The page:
“They earlier left Iran and were involved in the crimes of the terrorist group in Raqqa and Mosul,” Iran’s ministry said, “referring to Islamic State’s effective capital in Syria and a city it captured in Iraq,” according to Reuters. The ministry reportedly added on Iran’s state-run news agency IRNA, “Last year, they returned to Iran… to carry out terrorist attacks in the holy cities of Iran.”
Entekhab News listed the alleged surnames and graphic images of the dead bodies of some of the terrorists.
Iran’s Islamic Revolutionary Guard Corps (IRGC) accused Saudi Arabia (which has a Sunni majority) of being involved in the terrorist attack, which Saudi Arabia denied. The IRGC linked the United States’ meeting with leaders of Saudi Arabia — which has “constantly been supporting” terrorists — to the deadly Wednesday morning attacks.
President Donald Trump is considering designating the IRGC a terrorist entity.
Although Iran is a Shiite majority country, it is most likely the Iranian Islamic State militants were Sunni.
In late March, the Islamic State released a 36-minute-long video in Farsi titled, “The Farsi Land: From Yesterday Until Today,” in an attempt to recruit Sunni Iranians. In the video, the Sunni militant group threatened the country with attacks, accused Tehran of persecuting Sunni Muslims who live there, and chastised Iran for its supposed tolerance towards Jews.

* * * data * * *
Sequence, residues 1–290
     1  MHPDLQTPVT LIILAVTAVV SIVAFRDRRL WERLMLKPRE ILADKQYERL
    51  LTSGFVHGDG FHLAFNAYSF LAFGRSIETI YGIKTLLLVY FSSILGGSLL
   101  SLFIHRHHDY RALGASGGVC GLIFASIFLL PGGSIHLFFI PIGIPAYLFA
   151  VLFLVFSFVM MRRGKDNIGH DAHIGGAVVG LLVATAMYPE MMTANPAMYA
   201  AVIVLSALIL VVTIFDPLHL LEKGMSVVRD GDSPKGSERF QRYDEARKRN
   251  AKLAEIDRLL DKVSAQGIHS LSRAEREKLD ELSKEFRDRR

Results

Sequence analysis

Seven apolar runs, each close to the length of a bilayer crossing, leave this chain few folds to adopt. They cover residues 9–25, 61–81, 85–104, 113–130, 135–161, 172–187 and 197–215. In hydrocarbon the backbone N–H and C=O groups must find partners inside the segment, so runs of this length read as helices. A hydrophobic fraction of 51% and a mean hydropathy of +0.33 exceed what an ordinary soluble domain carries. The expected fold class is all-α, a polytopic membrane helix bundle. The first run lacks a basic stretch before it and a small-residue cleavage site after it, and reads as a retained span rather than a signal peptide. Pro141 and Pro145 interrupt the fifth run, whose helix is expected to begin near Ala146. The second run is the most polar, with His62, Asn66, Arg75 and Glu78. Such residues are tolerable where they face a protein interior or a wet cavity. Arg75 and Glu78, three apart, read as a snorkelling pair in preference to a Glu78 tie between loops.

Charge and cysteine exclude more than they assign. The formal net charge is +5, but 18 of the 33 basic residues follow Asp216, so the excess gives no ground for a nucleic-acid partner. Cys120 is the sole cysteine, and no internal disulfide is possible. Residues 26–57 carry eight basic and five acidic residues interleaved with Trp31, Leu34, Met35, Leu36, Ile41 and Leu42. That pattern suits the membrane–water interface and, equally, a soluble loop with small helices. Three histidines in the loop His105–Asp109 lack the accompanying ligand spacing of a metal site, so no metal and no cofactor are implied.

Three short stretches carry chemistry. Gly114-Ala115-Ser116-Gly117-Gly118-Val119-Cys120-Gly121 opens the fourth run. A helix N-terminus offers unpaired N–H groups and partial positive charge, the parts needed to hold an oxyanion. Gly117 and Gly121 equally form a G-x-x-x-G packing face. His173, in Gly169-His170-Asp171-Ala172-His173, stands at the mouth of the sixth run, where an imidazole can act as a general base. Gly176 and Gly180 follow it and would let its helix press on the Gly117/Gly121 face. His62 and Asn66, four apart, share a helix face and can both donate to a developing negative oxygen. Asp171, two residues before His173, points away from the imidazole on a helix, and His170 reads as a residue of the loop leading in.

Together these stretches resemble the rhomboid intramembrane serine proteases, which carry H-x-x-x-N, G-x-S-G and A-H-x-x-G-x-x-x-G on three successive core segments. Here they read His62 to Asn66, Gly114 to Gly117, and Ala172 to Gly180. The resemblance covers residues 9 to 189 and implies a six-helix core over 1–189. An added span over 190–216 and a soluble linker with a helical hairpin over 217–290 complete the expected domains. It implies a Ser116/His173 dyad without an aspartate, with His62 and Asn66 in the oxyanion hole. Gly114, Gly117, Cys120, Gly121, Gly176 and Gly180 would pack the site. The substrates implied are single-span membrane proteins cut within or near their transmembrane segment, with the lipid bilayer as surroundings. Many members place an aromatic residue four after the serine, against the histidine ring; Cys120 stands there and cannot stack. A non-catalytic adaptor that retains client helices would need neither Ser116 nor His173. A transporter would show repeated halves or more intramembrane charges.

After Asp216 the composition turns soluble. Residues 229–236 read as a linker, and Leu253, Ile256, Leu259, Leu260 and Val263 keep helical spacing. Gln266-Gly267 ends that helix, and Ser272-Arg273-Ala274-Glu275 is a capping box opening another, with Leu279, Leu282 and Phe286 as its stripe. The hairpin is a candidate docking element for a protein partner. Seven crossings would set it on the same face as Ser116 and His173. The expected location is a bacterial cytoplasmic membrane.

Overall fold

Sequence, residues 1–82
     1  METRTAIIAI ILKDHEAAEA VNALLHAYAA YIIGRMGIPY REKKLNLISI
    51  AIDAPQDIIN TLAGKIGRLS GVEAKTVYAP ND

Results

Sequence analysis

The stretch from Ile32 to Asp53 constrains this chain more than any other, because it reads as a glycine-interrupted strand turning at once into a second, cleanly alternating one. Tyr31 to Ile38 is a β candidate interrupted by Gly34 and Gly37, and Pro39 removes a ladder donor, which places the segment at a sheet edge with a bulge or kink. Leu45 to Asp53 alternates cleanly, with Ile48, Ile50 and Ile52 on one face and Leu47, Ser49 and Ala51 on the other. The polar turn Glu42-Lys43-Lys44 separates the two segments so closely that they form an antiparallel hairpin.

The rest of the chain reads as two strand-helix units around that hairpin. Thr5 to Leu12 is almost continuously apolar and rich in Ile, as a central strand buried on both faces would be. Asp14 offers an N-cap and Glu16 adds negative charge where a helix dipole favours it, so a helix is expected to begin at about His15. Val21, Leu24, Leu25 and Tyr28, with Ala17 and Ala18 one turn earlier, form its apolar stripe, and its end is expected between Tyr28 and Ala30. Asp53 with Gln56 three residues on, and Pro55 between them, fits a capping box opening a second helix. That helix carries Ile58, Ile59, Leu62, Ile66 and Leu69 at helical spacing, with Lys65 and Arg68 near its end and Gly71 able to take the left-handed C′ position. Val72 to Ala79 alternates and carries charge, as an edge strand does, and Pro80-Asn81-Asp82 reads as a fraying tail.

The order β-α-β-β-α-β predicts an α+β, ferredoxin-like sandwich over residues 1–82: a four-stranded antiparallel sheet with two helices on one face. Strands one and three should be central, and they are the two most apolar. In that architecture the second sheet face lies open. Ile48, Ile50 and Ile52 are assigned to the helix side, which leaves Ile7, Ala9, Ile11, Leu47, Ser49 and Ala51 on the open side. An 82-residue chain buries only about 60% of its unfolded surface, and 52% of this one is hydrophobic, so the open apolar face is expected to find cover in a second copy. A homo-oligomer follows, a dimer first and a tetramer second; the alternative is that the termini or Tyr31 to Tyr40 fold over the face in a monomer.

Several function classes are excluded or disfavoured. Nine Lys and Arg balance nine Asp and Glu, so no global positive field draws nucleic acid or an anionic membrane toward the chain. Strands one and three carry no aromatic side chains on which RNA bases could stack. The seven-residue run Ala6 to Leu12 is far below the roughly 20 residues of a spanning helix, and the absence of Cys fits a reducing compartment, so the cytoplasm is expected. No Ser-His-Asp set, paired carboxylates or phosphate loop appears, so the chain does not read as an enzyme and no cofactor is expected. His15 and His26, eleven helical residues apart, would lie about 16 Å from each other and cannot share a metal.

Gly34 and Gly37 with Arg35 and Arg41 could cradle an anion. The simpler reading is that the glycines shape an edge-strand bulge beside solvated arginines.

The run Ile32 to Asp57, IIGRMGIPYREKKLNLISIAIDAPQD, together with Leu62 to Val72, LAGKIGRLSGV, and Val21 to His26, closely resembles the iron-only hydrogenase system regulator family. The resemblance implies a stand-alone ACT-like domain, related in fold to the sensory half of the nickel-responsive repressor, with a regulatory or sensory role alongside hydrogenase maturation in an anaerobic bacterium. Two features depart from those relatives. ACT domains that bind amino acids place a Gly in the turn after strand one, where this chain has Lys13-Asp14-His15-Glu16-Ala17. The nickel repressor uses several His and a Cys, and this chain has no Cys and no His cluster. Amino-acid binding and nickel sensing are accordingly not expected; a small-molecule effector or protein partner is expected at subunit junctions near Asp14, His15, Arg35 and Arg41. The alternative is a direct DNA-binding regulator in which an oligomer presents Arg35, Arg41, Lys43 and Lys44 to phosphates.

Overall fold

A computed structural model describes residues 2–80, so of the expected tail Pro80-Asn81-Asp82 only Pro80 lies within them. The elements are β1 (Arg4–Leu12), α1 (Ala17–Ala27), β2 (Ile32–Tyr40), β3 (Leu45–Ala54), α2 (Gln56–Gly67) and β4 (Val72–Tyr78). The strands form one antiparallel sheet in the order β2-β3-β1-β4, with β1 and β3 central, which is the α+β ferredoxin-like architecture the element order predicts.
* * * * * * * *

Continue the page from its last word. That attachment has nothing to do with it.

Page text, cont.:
The video was published in the group’s online propaganda publication Rumiyah (which means Rome in Arabic).
According to the AFP, in one part of the video, the narrator said, “Iran raised its slogans against the US and Israel to deceive the Sunnis, while Iranian Jews live safely in Iran under its protection, and it has provided them with temples and churches as seen in Tehran and Isfahan.”
Vocative noted that several captured soldiers, who wore a “Ya Hossein” badge to indicate they were Shiite, were decapitated in the video. Also in the video, the Islamic State reportedly alleged that Iran has executed over 18,000 Sunnis living there since the Islamic Revolution of 1979 which put the late Supreme Leader Ayatollah Ruhollah Khomeini in power.
Another Islamic State militant featured in the video said, “We will conquer Iran and restore it to the Sunni Muslim nation as it was before.”
However, Gandhara, a news agency based out of Afghanistan and Pakistan, noted that “analysts have suggested that the group’s ideology holds little appeal for Sunni Iranians, who are estimated to compose 5-10 percent of a total population of 81 million and are routinely discriminated against or harassed.”
Ali Vaez, a senior Iran analyst with the International Crisis Group, told Gandhara, “Salafism and Persian culture are like oil and water, they don’t mix.” He added, “groups like IS exploit disorder. There might be discontent within Iran’s Sunni community, but that’s not quite the same as disorder.”
The Islamic State has released four more videos in Farsi since its first one came out in March.
President Donald Trump issued his condolences to the Iranian people for the atrocity that befell them on Wednesday, saying, “We grieve and pray for the innocent victims of the terrorist attacks in Iran, and for the Iranian people, who are going through such challenging times.” However, Trump also blasted the Iranian regime, saying they shared in the blame for supporting and funding terrorism worldwide. “We underscore that states that sponsor terrorism risk falling victim to the evil they promote.”
Iran’s Foreign Minister Mohammad Javad Zarif rejected Trump’s message, calling it repugnant on his Twitter account. “Repugnant White House statement,” he wrote. “Iranian people reject such U.S. claims of friendship.”
Repugnant WH statement & Senate sanctions as Iranians counter terror backed by US clients.Iranian people reject such US claims of friendship
— Javad Zarif (@JZarif) June 8, 2017